October 2008, Vol. 131, No. 10
Labor month in review
The October Review
The nonprofit sector
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Labor month in review from past issues
The October Review
Fasten your seatbelts as you peruse our lead article this month on the turbulence that has afflicted the airline transportation industry in recent years.
As the author Christopher J. Goodman notes, the industry has been buffeted with the recession of 2001 and that year’s September 11th terrorist attacks, with financial difficulties, waves of restructuring, changes in passenger volume and, most recently, soaring fuel prices. He documents the expansion of business activity in the industry in the latter half of the 1990s, when passenger volume was increasingly steadily, profits were generally sound, and employment was growing. The recession of 2001 sharply affected demand for air travel, especially among business travelers, and the September 11th attacks exacerbated an already difficult situation. Although air travel eventually began to grow again, it did not translate into renewed growth in airline employment; in fact, the number of jobs in the industry has not returned to pre-recession levels.
Over the years, the Monthly Labor Review from time to time has published articles taking a historical look at changes in labor-related programs, laws, or regulations. Stephen A. Wandner this month provides a history of three employment services programs related to the unemployment insurance system: Worker Profiling and Reemployment Services; Short-Time Compensation; and Self-Employment Assistance.
James A. Walker provides a look at union membership in 2007 in a visual essay. Using annual average figures from the Current Population Survey, he examines the current composition of union membership by industry, occupation, age and other variables. He also provides some historical perspective by showing long-term trends in union membership rates overall, as well as those for men and women and major race/ethnic groups.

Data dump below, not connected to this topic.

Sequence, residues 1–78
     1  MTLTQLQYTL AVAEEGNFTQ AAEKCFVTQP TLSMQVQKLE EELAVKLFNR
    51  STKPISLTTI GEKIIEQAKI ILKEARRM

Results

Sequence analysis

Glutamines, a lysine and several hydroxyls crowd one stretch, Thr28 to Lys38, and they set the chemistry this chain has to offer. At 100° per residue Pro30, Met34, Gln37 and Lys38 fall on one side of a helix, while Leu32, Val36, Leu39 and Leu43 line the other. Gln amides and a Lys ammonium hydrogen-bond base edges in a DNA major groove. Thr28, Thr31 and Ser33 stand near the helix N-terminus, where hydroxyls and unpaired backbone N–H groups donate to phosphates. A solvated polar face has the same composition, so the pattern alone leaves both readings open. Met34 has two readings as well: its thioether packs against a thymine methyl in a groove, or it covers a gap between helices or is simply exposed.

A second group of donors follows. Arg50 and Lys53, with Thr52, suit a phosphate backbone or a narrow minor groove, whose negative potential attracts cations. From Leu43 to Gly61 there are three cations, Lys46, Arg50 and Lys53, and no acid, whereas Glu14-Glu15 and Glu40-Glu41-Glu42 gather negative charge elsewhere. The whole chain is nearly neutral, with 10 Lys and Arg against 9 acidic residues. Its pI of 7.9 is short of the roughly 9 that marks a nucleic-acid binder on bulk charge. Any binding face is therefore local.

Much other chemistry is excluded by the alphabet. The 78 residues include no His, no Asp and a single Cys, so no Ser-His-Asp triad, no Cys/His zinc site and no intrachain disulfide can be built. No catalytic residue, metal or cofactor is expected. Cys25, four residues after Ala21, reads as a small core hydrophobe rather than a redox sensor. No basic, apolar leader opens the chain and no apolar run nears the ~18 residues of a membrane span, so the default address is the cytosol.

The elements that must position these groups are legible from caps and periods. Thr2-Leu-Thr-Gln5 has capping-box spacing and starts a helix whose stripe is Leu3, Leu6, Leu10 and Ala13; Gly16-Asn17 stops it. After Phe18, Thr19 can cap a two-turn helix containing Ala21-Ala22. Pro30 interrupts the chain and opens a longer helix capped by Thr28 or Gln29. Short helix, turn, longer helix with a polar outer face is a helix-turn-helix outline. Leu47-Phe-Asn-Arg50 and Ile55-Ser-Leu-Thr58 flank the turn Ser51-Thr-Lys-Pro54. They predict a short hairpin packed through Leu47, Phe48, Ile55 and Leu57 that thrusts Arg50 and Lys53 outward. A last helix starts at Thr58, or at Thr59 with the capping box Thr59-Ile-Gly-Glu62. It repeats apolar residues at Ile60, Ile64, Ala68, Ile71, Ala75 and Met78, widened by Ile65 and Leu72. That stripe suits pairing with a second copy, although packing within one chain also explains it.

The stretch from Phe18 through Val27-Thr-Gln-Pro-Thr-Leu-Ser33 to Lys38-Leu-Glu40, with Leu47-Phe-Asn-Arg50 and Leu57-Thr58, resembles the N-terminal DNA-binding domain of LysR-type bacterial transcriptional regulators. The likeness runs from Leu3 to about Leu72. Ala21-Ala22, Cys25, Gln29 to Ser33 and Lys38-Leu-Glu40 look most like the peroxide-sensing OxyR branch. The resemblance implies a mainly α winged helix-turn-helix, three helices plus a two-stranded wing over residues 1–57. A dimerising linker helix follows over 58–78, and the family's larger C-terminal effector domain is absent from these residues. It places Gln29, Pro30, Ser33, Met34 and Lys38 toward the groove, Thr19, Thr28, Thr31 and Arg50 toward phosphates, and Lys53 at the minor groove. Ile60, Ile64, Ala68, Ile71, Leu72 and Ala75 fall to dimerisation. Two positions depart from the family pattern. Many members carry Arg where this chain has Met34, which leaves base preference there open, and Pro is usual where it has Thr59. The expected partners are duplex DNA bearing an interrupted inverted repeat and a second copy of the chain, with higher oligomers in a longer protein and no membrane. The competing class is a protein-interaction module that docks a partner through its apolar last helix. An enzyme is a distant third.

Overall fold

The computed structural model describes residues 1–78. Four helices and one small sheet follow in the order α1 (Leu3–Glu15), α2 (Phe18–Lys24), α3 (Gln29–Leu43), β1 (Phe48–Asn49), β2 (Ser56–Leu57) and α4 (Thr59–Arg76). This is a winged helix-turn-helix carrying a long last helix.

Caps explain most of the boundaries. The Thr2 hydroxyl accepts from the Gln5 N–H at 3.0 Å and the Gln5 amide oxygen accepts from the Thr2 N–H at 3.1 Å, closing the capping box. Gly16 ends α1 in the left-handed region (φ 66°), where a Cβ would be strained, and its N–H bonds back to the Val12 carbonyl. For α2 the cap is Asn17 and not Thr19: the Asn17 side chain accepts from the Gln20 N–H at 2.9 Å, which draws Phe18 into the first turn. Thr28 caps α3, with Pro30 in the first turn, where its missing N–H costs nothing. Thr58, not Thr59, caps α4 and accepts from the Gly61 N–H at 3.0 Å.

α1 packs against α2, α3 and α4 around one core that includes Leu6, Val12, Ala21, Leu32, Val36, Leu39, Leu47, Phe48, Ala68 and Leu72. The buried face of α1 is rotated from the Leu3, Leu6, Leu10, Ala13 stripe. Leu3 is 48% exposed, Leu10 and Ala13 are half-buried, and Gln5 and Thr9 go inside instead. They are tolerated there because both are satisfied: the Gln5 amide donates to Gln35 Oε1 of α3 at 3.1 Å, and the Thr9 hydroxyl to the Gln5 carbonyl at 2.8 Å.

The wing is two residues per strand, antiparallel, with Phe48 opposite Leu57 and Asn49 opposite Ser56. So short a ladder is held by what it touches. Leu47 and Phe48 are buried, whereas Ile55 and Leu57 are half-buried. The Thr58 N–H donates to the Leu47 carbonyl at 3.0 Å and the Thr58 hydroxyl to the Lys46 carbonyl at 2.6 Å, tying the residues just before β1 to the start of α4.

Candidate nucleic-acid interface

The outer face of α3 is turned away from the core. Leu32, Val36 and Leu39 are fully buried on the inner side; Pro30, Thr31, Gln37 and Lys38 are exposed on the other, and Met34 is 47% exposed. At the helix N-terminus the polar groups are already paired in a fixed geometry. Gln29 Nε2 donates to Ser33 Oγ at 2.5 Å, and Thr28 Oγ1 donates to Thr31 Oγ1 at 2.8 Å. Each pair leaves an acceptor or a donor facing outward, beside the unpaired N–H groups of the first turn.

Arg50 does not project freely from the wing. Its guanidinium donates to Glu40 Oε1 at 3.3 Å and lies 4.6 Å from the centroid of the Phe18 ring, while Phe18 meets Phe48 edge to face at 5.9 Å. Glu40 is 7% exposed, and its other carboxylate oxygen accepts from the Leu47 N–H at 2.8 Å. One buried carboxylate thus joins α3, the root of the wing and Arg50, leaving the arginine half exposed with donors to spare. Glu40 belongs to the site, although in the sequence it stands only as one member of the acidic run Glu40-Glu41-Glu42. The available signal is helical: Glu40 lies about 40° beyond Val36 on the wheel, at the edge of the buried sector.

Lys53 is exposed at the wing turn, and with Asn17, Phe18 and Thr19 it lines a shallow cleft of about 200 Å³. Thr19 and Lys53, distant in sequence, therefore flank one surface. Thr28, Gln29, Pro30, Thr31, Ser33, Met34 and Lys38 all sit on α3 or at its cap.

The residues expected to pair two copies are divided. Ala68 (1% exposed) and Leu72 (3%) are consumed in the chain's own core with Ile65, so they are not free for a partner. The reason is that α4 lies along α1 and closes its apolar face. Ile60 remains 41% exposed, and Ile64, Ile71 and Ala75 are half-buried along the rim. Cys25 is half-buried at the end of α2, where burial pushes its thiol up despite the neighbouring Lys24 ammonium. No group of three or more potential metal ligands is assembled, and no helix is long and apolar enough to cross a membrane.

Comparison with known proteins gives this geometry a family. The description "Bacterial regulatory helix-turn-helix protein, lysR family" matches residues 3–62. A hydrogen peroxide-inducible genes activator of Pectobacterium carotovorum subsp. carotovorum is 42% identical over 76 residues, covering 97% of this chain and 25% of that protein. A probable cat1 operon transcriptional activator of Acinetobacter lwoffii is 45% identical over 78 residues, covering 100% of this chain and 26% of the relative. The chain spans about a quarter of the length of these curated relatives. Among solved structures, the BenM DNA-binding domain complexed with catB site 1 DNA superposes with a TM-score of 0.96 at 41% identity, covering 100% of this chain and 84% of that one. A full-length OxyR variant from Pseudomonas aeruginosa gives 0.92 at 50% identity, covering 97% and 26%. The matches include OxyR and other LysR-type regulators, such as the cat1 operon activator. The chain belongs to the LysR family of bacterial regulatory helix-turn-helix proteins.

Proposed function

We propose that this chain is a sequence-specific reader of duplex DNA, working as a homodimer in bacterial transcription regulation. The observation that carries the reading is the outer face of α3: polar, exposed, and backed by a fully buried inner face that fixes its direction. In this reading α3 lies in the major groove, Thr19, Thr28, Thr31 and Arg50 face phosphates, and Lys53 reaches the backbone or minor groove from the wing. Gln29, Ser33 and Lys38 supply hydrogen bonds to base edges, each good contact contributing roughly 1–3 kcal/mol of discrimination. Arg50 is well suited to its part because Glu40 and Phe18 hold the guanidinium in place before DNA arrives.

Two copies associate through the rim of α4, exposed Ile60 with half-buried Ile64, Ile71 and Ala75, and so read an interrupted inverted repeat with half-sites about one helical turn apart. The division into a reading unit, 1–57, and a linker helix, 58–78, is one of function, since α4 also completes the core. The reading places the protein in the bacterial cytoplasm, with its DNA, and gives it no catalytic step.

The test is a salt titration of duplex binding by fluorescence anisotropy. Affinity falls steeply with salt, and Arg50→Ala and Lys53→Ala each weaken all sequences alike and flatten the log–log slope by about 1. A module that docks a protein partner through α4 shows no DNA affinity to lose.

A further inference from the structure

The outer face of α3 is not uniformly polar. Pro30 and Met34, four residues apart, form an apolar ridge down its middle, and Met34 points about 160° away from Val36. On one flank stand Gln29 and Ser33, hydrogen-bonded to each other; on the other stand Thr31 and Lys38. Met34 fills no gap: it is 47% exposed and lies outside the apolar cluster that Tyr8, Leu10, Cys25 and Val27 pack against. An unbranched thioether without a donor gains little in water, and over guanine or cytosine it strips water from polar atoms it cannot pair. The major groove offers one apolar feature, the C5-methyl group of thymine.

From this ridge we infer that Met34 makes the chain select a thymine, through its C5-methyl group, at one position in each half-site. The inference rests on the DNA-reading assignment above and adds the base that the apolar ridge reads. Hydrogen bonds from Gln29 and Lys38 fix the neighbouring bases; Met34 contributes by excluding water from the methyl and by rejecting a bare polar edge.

The ratio of women’s to men’s earnings has been a statistic widely examined for a long time. The latest annual average data—for 2007—indicate that women who were full-time wage and salary workers had median weekly earnings of $614, or about 80 percent of the $766 median for their male counterparts. This ratio has grown since 1979 (the first year for which earnings data from the Current Population Survey are comparable to current figures), when women earned about 62 percent as much as men.
The occupational distribution of female and male full-time workers differs significantly. Relatively few women work in construction, production, or transportation occupations, for instance, whereas the concentration of men in administrative support jobs is small. The types of jobs women and men hold, as well as other variables such as educational attainment and work experience, can contribute to overall wage differences between the sexes.
A full range of comparative information on women’s and men’s earnings is found in an annual publication produced by the Bureau of Labor Statistics called Highlights of Women’s Earnings. The edition with data for 2007 can be found online at http://www.bls.gov/cps/cpswom2007.pdf
The nonprofit sector
Nonprofit organizations are a growing presence in the U.S. economy. In 1994, according to the IRS, there were slightly more than 1.1 million nonprofit organizations in the country, and that figure had risen to more than 1.6 million in 2007. According to BLS data, nonprofits in 1994 employed about 5.4 million people, or 4.4 percent of all workers; by 2007, they employed 8.7 million workers, or nearly 6 percent of all workers.
Examples of nonprofits include hospitals, churches, educational institutions, and charities. In the first of a series of articles to be published in Compensation and Working Conditions Online, Amy Butler uses data from the BLS National Compensation Survey to examine the wage rates of managers and selected professional and administrative support workers in nonprofit organizations. She compares the rates for those workers with their counterparts in private industry and State and local government. Among her conclusions, she finds that full-time workers in these kinds of jobs had higher hourly wages in nonprofits than in private industry, but lower hourly wages than in State and local government.
The article can be found online at http://www.bls.gov/opub/cwc/cm20081022ar01p1.htm
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